Catrien Ross on Joining the Blogosphere in Japan

Tuesday, December 29th, 2009 - 2 Comments

In my last post I wrote about how being illiterate in Japanese helped me
develop communication through empathy.

Now that I have begun blogging in Japan I find myself navigating a medium the Japanese have uniquely interpreted.

The biggest and the most active blogging culture on Earth exists right here in Japan.

Worldwide, English speakers outnumber Japanese speakers by more than 5:1.

But a greater number of blog postings are now written in Japanese than in English.

The Japanese also read more blogs, more often, than anyone anywhere else.

Japanese has become the language of the global blogosphere.

What’s more, some 40 percent of this blogging is done on mobile phones, known as keitai.

Mobile phone blogging among young Japanese created the publishing phenomenon of the keitai shosetsu, or mobile phone novel.

These novels are written entirely on handsets, often one sentence at a time, and uploaded to mobile networking sites by their teenage or 20-something authors.

Then devoured by a ravenous audience of mostly females in their teens and 20’s.

In 2007, five of Japan’s ten best-selling novels were written on mobile phones.

One mobile content site reports it now carries 20,000 novels and has about two million monthly users.

Sophisticated and integrated blogging platforms have also made Japanese blogs a significant social media tool expertly wielded by millions.

Clearly I need more than empathy to keep up with all this.

I can’t imagine ever writing an entire novel with my thumbs on a tiny handset.

And the gist of the Japanese personal blog eludes me.

Compared to blogs in English it is much shorter (think diminutive keitai screens), and emoticons feature heavily, especially on blogs written by women.

When I write a blog for my Japanese website I write in English first, then Kohdoh translates into Japanese.

After that we check the nuance together.

It takes three times as long to compose.

And ends up three times the length of any Japanese language blog I view.

For cultural survival I need to lighten up.

Shorten my message.

Learn to communicate one sentence at a time.

Add a few smiley faces.

Along with a scattering of kisses.

And some pink, blinking hearts.

Perhaps even design my own emoticons, as many Japanese do.

I may get the hang of it eventually.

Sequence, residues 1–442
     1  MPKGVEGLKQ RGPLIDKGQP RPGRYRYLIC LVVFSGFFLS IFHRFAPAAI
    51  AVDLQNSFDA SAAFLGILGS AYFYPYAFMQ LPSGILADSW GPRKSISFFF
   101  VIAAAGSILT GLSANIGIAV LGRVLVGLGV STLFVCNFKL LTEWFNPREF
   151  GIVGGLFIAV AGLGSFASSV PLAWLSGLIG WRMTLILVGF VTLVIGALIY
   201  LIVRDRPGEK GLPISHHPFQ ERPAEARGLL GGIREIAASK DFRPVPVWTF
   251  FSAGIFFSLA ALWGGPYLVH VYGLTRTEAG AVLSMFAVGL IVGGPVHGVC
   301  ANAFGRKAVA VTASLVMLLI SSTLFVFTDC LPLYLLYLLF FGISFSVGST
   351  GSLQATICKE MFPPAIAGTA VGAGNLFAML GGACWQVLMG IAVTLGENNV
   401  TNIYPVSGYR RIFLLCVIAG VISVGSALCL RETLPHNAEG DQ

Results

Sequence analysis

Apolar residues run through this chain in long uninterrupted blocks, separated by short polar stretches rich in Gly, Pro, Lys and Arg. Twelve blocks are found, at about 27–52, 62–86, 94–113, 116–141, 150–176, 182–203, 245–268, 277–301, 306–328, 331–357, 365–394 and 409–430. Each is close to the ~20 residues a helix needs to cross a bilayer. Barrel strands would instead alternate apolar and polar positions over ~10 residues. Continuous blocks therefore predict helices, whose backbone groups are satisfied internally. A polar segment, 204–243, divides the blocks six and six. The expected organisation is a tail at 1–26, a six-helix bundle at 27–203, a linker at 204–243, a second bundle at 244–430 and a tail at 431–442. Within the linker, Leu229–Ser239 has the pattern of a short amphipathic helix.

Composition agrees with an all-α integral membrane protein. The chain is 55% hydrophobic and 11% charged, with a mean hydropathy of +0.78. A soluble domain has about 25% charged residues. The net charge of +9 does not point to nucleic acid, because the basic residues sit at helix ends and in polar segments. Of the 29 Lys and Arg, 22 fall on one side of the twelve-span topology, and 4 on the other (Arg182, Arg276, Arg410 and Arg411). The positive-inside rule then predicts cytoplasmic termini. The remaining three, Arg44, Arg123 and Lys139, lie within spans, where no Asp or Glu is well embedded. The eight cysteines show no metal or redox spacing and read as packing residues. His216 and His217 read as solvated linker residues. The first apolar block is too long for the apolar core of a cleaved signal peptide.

By then, of course, the blogosphere will have moved to different levels, while my Japanese blog skills are still catching up.

But at least I know that the learning curve of my Japanese life ensures that my brain continually adapts and rewires itself.

Joining the blogosphere in Japan means growing new neurons forever.

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2 Responses to “Catrien Ross on Joining the Blogosphere in Japan”

  1. Allan says:

    Dear Catrien, given the quality of the Energy Doorways website and your cultural awareness, I’m sure it won’t be long before you “get the hang” of Japanese blogging! I was interested to read about the mobile phone novels, not something I’ve come across before. Your comments however made me wonder, is it necessarily a cultural issue or is it generational? Undoubtedly there are cultural nuances but is the concise nature of blogging a global phenomenon and a result of the youthfulness of the vast majority of bloggers? Your final point is something we can all do with – continually challenging our brain to remain vital and alive.

  2. Catrien Ross says:

    Dear Allan

    Thank you for your comments and thoughtful questions. The mobile phone novel phenomenon was definitely generational and as a teenage fad it may already have peaked. It is also cultural in the particular way the Japanese use blogs for self-expression and to relieve daily stress. In Japan there are now some 88 million Internet users and close to 17 million Internet blogs. Teenagers love blogging and 96% of high schoolers own a mobile phone. But Japanese in their 30’s, 40’s and 50’s are increasingly blogging to find information and seek shared interests. The blogging platforms in Japan are very sophisticated and designed to offer an attractive, integrated and easy-to-use blogging world for all ages. Blogging as a social media tool just keeps evolving in Japan and who knows where it will lead. Interestingly, as more countries launch mobile web sites, the mobile phone novel market is emerging elsewhere, too. And I agree with you, continually challenging our brain does keep us vital and alive, even if we never learn to write novels with only our thumbs on handsets. Thanks for this discussion, Allan!

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